September 9


Removing hidden characters stored in SQL table

By Charles

September 9, 2015

Removing hidden characters

Have you ever received a request to write a query to get the data you need from a table in SSMS (SQL Server Management Studio) only for it to display differently when copied into excel? You probably know what I mean. Rows get split in the middle of a field which then shifts everything after it into the next field. Suddenly you have street names in your postcode field and created dates in your notes field.

You look back at your query and can see that it is displayed correctly in SSMS. You scroll through the whole dataset and see no issues at all. Did it become corrupt during the copy and paste. Does excel have an issue that needs a hotfix to be applied?

Is it broken?

The answer of course is no. There is nothing wrong with excel or SSMS they are both doing exactly what they were designed to do. The problem is in the data itself. Applications don’t just store the text you can see. In order to display it correctly they also store hidden characters which are used by the application to remember the formatting of that text. There are quite a few hidden characters that can cause issues. You can google for a complete list of them but the three that seem to cause the most problems are CHAR(9) which is TAB, CHAR(10) which is LF or Line Feed and CHAR(13) which is your CR or Carriage Return.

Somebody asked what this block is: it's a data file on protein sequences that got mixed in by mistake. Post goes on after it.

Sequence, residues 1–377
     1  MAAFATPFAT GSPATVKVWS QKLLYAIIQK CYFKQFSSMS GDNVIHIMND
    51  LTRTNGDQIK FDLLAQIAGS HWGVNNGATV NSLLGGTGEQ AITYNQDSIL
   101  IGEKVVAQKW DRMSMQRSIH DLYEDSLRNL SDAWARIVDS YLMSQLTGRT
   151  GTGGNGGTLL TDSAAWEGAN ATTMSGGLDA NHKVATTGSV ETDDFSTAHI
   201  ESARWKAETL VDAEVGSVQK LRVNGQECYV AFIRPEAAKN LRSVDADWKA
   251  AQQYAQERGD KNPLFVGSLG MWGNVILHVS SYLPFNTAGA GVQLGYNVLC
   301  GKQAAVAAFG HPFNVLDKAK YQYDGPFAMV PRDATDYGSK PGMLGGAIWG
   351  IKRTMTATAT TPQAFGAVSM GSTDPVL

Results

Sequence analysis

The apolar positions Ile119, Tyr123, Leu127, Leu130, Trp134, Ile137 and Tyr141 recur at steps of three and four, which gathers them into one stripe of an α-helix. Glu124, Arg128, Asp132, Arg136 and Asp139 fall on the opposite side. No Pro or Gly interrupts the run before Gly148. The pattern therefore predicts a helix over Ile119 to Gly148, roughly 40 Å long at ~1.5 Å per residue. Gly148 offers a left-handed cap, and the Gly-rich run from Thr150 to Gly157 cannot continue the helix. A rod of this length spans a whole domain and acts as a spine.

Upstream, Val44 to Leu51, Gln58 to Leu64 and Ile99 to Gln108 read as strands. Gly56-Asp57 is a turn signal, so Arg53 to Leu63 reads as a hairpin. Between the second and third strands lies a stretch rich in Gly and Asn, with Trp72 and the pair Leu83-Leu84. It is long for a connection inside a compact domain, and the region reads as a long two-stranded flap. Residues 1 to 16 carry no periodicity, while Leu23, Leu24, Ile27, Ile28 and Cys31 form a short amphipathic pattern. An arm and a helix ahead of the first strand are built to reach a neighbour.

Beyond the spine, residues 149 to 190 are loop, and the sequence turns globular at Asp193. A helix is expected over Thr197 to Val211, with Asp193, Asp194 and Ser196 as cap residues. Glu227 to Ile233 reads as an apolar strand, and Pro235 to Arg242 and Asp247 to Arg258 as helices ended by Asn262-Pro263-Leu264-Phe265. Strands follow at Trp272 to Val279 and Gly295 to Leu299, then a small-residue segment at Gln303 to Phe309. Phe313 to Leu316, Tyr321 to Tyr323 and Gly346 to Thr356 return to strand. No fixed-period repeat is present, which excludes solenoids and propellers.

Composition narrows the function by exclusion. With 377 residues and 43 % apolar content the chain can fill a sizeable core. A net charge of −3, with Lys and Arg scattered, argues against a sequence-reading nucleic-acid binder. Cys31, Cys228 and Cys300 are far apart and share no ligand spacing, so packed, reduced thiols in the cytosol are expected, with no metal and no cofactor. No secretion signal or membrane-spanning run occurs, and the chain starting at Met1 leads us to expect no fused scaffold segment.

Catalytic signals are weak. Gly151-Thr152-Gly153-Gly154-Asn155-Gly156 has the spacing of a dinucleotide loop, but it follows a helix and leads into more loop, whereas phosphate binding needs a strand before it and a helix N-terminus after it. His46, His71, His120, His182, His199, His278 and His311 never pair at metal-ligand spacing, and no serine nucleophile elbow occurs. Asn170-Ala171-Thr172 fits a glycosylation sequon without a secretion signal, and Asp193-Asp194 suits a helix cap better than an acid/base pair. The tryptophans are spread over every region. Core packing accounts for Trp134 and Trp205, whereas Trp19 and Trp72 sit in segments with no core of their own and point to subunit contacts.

So what are these mysterious characters, what do they do and most importantly how can I remove them so that they don’t mess with my data export to excel? I’m glad you asked as I recently had to do the same task. As I have seen this issue before it was a quick fix and the BA (Business Analyst) was very pleased with a fast solution. So here it is.

The solution


FROM YourTable

This simply replaces the TAB, CR and LF from that field with nothing. Essentially removing them from your dataset and allowing you to copy and paste the results into excel for your user.

Note you will need to do this for all the fields that are causing your data to shift fields in your dataset.

About the author

Microsoft Certified SQL Server DBA with over a decades experience including work for large FTSE 250 companies amongst others. The SQL Server stack has been the focus of almost all of my career in IT. I have experience designing, supporting and troubleshooting large Data Platform deployments.

You might also like

{"email":"Email address invalid","url":"Website address invalid","required":"Required field missing"}